James Schwab has resigned from his job as a Department of Homeland Security spokesman, saying he didn't agree with Trump administration officials' use of "misleading facts" to attack Oakland Mayor Libby Schaaf after the mayor issued a warning about an immigration sweep in late February.
"I quit because I didn't want to perpetuate misleading facts," Schwab told the San Francisco Chronicle. "I asked them to change the information. I told them that the information was wrong, they asked me to deflect, and I didn't agree with that. Then I took some time and I quit."
In that four-day sweep through Northern California, Immigration and Customs Enforcement deportation officers arrested 232 people — but high-level federal officials, including President Trump, said Schaaf was to blame for 864 more people not being arrested. They pointed to her public warning of a pending raid, which she issued on Feb. 24, just as the operation was about to begin.
ICE agents had targeted more than 1,000 people in the sweep. After the raid, a Homeland Security official said it's common for a large-scale immigration sweep to net about a third of its targets, as member station KQED reports.
Trump called what Schaaf did "a disgrace," saying her warning was the sole reason that hundreds of people escaped arrest. His remarks amplified attacks by Attorney General Jeff Sessions and acting ICE Director Thomas D. Homan. Their claims were questioned by critics — and now by Schwab, a veteran public affairs officer who had worked at the Defense Department and NASA.
"I didn't feel like fabricating the truth to defend ourselves against [the mayor's] actions was the way to go about it," Schwab told the Chronicle. "We were never going to pick up that many people. To say that 100 percent are dangerous criminals on the street, or that those people weren't picked up because of the misguided actions of the mayor, is just wrong."
In his attack on Schaaf, Trump said 85 percent of the targeted immigrants had criminal records. But when KQED asked ICE to explain why the targeted people had been classified as threats to public safety, a spokeswoman cited only five, of the 864, who had been convicted of serious crimes.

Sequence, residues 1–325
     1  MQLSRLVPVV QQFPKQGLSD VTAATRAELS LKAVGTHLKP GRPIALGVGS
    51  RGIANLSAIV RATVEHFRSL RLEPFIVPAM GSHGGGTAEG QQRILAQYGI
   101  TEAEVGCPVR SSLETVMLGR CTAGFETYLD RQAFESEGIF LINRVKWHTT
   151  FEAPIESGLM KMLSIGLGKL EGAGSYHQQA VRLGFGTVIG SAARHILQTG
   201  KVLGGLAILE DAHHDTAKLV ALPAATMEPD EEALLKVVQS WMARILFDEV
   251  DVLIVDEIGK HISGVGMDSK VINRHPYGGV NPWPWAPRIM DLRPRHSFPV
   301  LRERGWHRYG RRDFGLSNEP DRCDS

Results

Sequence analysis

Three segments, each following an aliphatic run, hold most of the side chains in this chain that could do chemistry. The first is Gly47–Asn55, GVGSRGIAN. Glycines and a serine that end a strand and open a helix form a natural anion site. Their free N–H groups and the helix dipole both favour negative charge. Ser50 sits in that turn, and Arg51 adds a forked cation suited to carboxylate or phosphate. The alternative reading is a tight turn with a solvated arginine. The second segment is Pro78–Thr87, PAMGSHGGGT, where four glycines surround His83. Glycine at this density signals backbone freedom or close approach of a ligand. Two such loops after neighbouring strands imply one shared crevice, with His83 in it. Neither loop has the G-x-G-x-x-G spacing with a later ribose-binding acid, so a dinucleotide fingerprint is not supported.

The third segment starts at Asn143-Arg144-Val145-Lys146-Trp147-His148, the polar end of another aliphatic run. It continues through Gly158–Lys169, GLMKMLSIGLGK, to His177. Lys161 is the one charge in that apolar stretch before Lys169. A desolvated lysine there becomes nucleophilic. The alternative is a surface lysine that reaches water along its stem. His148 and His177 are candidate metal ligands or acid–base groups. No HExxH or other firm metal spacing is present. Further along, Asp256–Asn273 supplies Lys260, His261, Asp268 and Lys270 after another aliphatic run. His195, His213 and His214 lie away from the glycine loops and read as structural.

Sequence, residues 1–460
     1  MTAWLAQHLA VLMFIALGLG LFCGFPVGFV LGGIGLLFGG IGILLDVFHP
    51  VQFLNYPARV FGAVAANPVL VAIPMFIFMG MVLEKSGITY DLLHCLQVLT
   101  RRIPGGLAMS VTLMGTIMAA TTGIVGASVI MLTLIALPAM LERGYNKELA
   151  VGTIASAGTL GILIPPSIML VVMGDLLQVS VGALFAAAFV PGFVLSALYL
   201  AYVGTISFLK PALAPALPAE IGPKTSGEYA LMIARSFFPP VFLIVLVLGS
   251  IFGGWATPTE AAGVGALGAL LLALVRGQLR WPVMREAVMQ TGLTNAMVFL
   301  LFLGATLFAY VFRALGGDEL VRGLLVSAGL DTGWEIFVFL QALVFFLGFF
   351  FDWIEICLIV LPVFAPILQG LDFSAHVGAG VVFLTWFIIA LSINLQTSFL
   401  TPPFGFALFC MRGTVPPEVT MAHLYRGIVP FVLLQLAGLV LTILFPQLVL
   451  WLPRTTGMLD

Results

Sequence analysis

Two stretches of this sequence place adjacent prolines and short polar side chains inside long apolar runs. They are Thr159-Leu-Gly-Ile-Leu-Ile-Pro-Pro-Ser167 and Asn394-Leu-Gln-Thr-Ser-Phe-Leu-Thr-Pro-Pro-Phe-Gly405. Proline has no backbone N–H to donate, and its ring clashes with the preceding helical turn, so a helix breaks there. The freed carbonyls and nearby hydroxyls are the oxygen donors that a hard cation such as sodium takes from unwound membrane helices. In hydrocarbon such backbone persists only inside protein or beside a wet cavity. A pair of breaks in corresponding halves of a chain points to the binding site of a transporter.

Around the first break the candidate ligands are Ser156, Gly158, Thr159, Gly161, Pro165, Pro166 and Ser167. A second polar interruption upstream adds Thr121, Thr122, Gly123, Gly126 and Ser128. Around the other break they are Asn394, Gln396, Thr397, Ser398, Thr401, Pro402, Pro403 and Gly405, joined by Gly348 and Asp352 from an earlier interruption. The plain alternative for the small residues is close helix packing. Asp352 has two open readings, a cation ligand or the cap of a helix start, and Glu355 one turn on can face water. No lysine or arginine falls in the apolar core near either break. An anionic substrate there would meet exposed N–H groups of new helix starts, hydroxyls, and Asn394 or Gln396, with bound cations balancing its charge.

"Of the 232 people arrested, ICE stated that 115, or just under half, had 'prior felony convictions for serious and violent offenses' or past convictions for 'significant or multiple misdemeanors.' The other half had no criminal history.
"When asked to specify how many arrestees were felons, spokeswoman Danielle Bennett would only respond, 'all of those arrested were arrested for being in violation of immigration law.' "
In addition to sparking criticism from the Trump administration, the case also prompted the government to look into whether Schaaf may have broken any laws by sounding the alarm about the pending raid — another front in the clash between federal officials and the leaders of sanctuary cities.
Schwab has now quit his job as a Homeland Security spokesman in San Francisco — but that shouldn't be taken to mean that he agrees with what Schaaf did.
"Personally I think her actions were misguided and not responsible," Schwab told CNN. "I think she could have had other options. But to blame her for 800 dangerous people out there is just false. It's a false statement because we never pick up 100 percent of our targets. And to say they're a type of dangerous criminal is also misleading."